I agree that they need to study the pain issue in kids; my son was in so much pain that it limited his activities, & apparently he lived w a lesser amount of pain for at least a year before it became so bad that he finally said something. There are many kids on this forum who have complained of pain. It really bothers me when someone minimalizes kids' pain on the forum & off, because it's as tho there's disbelief that there is actual pain. How could there not be, when their spines are twisted out of shape & forcing internal parts into places they don't belong? As well as the imbalance pulling on muscles, etc.
    Also have to agree w TanzTom re lungs; we knew that at some point without surg that Jacob's lungs would be compromised due to the spine, but we were told when he was diag w bronchitis the week before surgery that his lung already couldn't inflate fully, there was compression (even tho he was only 60*).
    Mom of 14yo son diagnosed Oct 2011
    Surgery 1/3/12 w Dr. Geof Cronen,
    Tampa General Hospital T3 to L1
    Jacob's pre surg curves: T58 & L31 12/28/11
    photos & xrays in "First-Time Surgery" thread "Before & After"

  15. #30
    Join Date
    Mar 2012
    Location
    Carson City, NV
    Posts
    30
    Quote Originally Posted by Pooka1 View Post
    You might be right about stopping the physical activity and what happens to muscle tone. But I doubt her curve could have gotten big enough to affect her lungs since the last radiograph. Even if her curve is moving 5* a month as was the case for my one daughter, it would now be about 67* which is still too small to affect lungs per my understanding. See what the surgeon says.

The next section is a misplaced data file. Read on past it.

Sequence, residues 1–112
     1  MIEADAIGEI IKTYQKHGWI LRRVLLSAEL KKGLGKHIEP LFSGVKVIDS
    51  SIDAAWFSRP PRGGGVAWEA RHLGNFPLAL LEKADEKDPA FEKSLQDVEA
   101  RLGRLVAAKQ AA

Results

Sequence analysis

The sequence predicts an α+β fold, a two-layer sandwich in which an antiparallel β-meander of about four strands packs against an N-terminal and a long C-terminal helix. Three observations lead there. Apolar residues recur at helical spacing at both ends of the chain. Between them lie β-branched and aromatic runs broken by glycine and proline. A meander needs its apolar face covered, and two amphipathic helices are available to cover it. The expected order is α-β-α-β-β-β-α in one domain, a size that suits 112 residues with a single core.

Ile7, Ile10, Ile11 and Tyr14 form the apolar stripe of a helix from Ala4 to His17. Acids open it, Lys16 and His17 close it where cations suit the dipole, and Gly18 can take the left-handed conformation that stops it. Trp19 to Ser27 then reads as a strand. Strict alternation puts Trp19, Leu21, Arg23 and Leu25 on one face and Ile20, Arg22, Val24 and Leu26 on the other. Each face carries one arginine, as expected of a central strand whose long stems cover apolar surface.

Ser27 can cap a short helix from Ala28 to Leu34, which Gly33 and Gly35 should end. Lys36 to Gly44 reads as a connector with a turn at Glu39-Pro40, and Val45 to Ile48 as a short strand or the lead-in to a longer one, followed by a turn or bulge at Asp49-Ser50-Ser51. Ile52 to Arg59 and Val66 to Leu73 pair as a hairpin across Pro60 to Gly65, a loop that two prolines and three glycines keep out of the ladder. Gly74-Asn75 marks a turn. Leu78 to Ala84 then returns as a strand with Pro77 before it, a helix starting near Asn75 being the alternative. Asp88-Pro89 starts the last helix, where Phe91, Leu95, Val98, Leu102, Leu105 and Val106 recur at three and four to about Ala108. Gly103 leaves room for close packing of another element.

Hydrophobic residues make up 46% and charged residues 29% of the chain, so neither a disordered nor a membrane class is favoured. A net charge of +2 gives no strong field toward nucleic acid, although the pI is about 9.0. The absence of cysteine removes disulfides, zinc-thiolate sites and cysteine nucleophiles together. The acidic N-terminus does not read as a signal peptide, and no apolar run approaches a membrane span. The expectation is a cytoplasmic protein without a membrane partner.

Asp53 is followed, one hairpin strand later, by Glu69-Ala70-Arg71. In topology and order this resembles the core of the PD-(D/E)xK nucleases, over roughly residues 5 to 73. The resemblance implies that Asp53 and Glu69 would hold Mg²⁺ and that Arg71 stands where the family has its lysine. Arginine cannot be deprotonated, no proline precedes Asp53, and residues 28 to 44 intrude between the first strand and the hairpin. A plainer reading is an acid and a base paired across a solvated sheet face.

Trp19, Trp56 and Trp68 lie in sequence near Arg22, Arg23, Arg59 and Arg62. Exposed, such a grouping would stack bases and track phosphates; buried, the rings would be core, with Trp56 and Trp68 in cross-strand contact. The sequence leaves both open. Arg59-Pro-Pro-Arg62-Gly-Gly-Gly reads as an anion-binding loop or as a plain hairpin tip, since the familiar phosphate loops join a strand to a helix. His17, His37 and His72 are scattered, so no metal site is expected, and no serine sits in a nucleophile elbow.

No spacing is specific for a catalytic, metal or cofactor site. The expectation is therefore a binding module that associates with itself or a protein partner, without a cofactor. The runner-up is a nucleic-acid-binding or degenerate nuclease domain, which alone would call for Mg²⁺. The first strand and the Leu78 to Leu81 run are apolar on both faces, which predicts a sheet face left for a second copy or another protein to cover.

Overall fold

On the issue of pain, some surgeons are (finally) admitting that AIS can be associated with pain. My one daughter with the fast moving, highly rotated curve had muscle pain over her right scapula where the rib hump was. It persisted several weeks after she was fused but finally went away forever. I think the curve was pulling the soft tissue to it's limit. The other kid never had pain.

    ps. I played trombone in junior high. :-)

    I personally think the breathing thing was allergies with an approaching storm and the fact that she is out of the water simply leans towards her lack of exercise is making her feel different. I don't discourage her from anything active and she is the only girl in the school that plays the trombone, so she is really proud of that. I do not think her curves have grown hugely but I do feel like they are growing and the pain is mostly where her spine "should" and on the opposite sides of her curves in the muscle.

Posting Permissions

  • You may not post new threads
  • You may not post replies
  • You may not post attachments
  • You may not edit your posts
  •